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Autumn Statement: Housing, Productivity & Infrastructure Hammond’s Top Priorities

The UK’s undersupply of houses, the productivity gap and greater infrastructure spending were at the top of the agenda in Philip Hammond’s first Autumn Statement address.

The UK’s undersupply of houses, the productivity gap and greater infrastructure spending were at the top of the agenda in Philip Hammond’s first Autumn Statement address.

£5bn Pledged to UK Housing Market


Driven by the agenda of making the UK more competitive and productive ahead of the nation’s split from the European Union, the newly appointed chancellor focused on channeling public funds into projects that would encourage Britain’s economic growth.


Building on the announcement made by Communities Secretary, Sajid Javid, at last month’s Conservative party conference, Mr Hammond confirmed that the housing market will receive £2.3 billion of funding to create 100,000 new homes by 2020/21 in areas of high demand.


The move is designed to boost the UK’s construction industry by compelling more developers to help build more supply for the UK’s growing housing need.


Additionally, the chancellor confirmed that £1.4 billion will be allocated towards the delivery of a further 40,000 affordable homes before the end of the current Parliament.


As well as providing help to the construction industry, Mr Hammond also pledged £1.7bn to tackle the difficulties in unlocking public land for the construction of homes.



National Productivity Drive


The funding behind the government’s new housing policy stems from a much larger fund – the National Productivity Investment Fund (NPIF). Also announced in today’s address, the fund will see the government allocate £23bn of spending between 2017-18 and 2021-22, with the purpose of boosting the infrastructure of the UK.


Outside of the NPIF, the chancellor also revealed that a Right to Buy pilot scheme would be trialed, allowing housing association tenants the opportunity to purchase their homes at a discounted rate.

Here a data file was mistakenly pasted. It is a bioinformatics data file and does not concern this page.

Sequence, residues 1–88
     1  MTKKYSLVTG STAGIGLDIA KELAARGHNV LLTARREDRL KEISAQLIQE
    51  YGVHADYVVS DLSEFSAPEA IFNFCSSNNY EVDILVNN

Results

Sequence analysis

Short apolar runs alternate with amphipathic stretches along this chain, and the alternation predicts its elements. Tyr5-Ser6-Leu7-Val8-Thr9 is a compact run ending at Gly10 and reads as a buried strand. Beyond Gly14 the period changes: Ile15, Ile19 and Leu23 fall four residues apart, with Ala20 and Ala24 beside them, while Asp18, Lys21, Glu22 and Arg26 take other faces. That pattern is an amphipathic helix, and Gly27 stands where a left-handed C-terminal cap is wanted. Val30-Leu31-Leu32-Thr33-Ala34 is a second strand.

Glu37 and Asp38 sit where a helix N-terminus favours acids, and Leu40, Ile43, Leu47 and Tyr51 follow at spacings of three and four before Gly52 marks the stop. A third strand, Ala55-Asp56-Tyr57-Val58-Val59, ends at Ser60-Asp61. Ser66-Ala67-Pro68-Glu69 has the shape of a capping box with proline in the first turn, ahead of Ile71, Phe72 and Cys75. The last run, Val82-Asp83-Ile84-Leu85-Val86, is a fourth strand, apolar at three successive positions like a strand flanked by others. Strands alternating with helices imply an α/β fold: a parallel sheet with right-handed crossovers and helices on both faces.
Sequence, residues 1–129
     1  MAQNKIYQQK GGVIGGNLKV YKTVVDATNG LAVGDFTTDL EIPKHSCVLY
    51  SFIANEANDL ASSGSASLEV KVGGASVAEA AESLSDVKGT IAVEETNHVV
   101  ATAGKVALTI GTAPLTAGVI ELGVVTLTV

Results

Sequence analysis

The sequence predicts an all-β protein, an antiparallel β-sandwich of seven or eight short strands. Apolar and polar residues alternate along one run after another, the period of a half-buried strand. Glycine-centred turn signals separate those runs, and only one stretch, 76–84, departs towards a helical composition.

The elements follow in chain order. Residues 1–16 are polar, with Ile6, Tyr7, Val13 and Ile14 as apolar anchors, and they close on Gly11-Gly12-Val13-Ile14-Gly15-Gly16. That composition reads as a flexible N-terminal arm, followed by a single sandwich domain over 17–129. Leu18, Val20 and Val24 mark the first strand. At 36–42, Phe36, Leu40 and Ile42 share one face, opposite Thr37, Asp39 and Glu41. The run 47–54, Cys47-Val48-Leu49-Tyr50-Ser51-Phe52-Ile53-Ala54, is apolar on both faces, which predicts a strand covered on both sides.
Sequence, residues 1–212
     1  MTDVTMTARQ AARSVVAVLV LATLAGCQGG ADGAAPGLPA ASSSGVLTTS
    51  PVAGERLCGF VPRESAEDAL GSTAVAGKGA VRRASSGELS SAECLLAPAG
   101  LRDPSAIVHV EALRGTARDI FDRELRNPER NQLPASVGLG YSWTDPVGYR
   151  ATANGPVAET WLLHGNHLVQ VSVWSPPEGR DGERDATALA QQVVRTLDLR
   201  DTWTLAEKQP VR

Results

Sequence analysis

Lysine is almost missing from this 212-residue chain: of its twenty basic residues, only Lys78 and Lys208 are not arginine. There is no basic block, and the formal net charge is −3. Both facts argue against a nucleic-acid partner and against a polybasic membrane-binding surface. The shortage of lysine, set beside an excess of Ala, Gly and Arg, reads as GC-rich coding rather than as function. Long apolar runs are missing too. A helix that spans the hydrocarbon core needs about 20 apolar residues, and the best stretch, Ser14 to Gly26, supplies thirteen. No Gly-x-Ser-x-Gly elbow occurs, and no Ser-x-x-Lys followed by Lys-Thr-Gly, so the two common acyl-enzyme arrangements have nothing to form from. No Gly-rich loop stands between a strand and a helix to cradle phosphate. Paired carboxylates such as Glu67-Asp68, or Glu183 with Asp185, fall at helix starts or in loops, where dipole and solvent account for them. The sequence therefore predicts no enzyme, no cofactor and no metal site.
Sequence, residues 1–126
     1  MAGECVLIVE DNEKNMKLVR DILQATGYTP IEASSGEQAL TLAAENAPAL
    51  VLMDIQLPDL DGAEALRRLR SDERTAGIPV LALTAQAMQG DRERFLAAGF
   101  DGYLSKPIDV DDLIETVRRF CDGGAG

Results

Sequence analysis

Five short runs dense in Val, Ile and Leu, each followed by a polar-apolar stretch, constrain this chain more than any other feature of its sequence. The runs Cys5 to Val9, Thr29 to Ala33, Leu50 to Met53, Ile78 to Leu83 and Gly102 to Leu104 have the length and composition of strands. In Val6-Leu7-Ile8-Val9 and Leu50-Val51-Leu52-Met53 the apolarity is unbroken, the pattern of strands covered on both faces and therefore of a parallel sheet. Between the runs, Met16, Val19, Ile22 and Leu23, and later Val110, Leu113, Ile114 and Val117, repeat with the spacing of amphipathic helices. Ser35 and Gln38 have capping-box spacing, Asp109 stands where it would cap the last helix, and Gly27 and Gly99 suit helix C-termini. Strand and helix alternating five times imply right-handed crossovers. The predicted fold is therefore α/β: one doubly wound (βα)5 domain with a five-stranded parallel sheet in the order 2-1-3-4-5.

Beyond housing, Mr Hammond used his first address to present his platform of focus on productivity and infrastructure – with a particular view on balancing the output of the UK’s regions.


Allocating £1.8bn of funds from the Local Growth Fund, the chancellor addressed the need for the economic output of the UK’s regions to rise to meet new targets.



The End of Lettings Fees and the Autumn Statement


Although revealed last night prior to the Autumn Statement address, Mr Hammond also confirmed the government’s intention to ban letting agent fees.
Describing the fees as ‘wrong’, the chancellor said that attempts at regulation had failed and the government was now forced to step in, stating that the landlord who appoints the agent should be held accountable for any fees.


As well as bringing an end to letting agent fees, Mr Hammond also surprised the market with the announcement that this would also be the final Autumn Statement.


Following next year’s spring Budget, the system will be replaced with an Autumn Budget, where all policy and spending decisions will be addressed, and a spring statement, reserved solely for the discussion of the Office for Budget Responsibility’s economic projections.

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